In essence, it might really be a film about the media of life, about all the images and symbols of postmodern life that perpetually attack from all sides....
Lost in Translation
For those who have seen the film Lost in Translation, yes it is about what many say its about: two lonely people finding love for each other while visiting the great global city of
But for many people, there seems something else in this film other than a love story or an exploration of the short serendipitous moments in life. There seems some mystery lurking behind the glittering city, something enigmatic, like the Japanese people and culture. The attempt at understanding these subliminal messages of Lost in Translation (which Sophia Coppola might not really understand herself) has created a type of cottage industry and continuing conversation. For those interested, they might check out the films website at www.lost-in-translation.com or surf to the fan site of the film www.areyouawake.org.
In all of the reviews, discussions and interviews about Lost in Translation, one aspect that few have commented on is the media ecology that serves as a background setting for the film. This really might be the real subtle message of the film more than the love story between two people. In essence, it might really be a film about the media of life, about all the images and symbols of postmodern life that perpetually attack from all sides like frenzied hornets. In effect, it is about the modern assault of multi-media on the senses and sensibilities.
Our computer email boxes are constantly intermixed with messages from the wife reminding us to pick the kids up from school or from the boss sending some attached file to review. Intermixed with these messages are the urgent email pleadings to enlarge this or prolong that or take a peek at this.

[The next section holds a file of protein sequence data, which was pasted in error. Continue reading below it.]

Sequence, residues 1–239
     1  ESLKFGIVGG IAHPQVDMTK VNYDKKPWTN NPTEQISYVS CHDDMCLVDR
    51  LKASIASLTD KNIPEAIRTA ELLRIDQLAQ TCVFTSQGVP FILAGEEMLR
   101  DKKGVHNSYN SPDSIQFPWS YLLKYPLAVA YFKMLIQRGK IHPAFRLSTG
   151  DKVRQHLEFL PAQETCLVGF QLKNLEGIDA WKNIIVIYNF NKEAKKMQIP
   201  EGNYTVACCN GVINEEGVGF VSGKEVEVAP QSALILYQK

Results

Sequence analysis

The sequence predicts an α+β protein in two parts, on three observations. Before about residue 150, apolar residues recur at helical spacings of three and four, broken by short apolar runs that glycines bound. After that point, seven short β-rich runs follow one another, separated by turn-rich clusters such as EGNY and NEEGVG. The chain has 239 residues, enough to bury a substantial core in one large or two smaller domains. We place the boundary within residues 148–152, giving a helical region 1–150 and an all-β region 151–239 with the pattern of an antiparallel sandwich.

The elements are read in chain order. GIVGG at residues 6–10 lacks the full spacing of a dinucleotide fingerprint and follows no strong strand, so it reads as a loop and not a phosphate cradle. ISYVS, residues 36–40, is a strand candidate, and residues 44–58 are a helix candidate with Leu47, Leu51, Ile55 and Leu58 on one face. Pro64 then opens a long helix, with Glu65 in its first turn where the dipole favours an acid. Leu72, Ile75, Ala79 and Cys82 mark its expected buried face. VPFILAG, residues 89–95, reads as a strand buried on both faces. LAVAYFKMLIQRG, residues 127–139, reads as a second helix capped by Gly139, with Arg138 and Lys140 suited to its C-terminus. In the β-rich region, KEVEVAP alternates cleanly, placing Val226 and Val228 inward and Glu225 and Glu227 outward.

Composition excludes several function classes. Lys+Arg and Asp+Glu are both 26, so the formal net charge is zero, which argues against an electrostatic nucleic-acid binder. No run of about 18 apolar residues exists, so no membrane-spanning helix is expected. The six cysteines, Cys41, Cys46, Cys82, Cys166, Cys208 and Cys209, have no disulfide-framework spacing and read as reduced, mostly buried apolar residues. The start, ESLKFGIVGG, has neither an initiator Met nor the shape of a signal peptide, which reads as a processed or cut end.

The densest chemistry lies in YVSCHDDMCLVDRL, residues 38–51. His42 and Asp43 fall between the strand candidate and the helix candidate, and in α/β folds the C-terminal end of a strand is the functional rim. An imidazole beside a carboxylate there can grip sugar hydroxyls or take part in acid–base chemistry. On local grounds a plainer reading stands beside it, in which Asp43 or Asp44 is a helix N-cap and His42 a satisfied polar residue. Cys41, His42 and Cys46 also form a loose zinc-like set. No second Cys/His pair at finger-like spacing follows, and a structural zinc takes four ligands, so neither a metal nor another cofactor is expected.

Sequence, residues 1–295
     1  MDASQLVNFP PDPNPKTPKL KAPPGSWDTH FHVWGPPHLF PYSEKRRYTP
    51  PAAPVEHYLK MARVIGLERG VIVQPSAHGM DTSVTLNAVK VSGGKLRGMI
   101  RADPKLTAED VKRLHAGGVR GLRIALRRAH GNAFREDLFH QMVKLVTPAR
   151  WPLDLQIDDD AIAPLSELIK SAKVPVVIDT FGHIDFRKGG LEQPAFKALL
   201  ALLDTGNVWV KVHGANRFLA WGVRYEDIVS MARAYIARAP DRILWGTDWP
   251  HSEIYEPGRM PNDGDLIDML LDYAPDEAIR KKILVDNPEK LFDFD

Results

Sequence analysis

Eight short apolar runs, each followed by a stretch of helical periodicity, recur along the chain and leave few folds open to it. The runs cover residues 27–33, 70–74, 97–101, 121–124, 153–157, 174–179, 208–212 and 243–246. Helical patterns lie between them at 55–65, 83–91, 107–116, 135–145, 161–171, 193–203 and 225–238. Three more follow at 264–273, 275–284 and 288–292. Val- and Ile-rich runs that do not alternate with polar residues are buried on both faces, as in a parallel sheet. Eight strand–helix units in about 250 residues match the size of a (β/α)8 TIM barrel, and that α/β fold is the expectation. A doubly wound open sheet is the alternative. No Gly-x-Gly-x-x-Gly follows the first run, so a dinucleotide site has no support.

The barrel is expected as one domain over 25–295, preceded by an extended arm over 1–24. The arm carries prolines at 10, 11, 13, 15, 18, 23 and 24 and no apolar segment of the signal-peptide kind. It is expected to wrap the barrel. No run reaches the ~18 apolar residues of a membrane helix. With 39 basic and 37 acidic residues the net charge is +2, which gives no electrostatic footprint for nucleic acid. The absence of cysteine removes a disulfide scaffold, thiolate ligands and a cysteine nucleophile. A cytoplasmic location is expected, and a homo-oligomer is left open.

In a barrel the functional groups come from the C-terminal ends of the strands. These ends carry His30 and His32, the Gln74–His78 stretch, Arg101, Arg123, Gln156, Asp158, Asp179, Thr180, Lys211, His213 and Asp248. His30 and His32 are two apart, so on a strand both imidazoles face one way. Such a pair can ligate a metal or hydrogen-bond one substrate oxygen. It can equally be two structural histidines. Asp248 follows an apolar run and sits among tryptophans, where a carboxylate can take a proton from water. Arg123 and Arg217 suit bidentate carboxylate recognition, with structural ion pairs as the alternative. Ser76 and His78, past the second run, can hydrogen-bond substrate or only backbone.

Importantly, Bill Murray and Charlotte are victims of this environment just like the rest of us. One might expect the young
This is not the case, though. Once a famous movie star in
On a different media level, the film is also about the role of symbols in a global context and how images and symbols get lost in translation. For example, think how the Janet Jackson episode at the Superbowl might lose a little in translation when pulled off satellite TV in little towns in the deserts of the
The same is true of the character of Bill Murray, the washed up leading man from
Perhaps one of the real secrets behind the popularity of Lost in Translation is that it means something a little different for each viewer. Importantly, director Sophia Coppola doesnt try to blungeon the audience over the head with a philosophy or story. Like her leading man Bill Murray, the director and the camera seem equally perplexed by the onslaught of images and symbols that pass in front of it.
In much the same way as Michelangelo Antonionis classic 1966 film Blow Up, the style and technique of Lost in Translation is one that doesnt explain as much as offer up images to be explained by the audience. In effect, the audience becomes participants in creating the film.
While many people today feel little more than spectators observing the Superbowl of images and symbols that constantly blur by them, here is one brief moment in time when the spectator audience gets a chance to participate and interact with a series of images and symbols collectively known as Lost in Translation. Sophia Coppola says her film is really about rare moments in life that are great but dont last. She has created one of these rare moments with her film.
Copyright John Fraim 2003.
John Fraim is President of The GreatHouse Company a marketing consulting firm and book publisher. He is the author of
He is also a leading authority on symbolism and the creator of www.symbolism.org, the Internets most popular site for symbolism.
His articles and reviews have appeared in a number of leading publications and online journals including Business 2.0, The Industry Standard, Ad Busters, The Journal of Marketing, First Monday, Spark OnLine, Media & Culture Journal, The Journal of Pyschohistory, Anthropology News and Psychological Perspectives.
He has a BA in History from UCLA and a JD from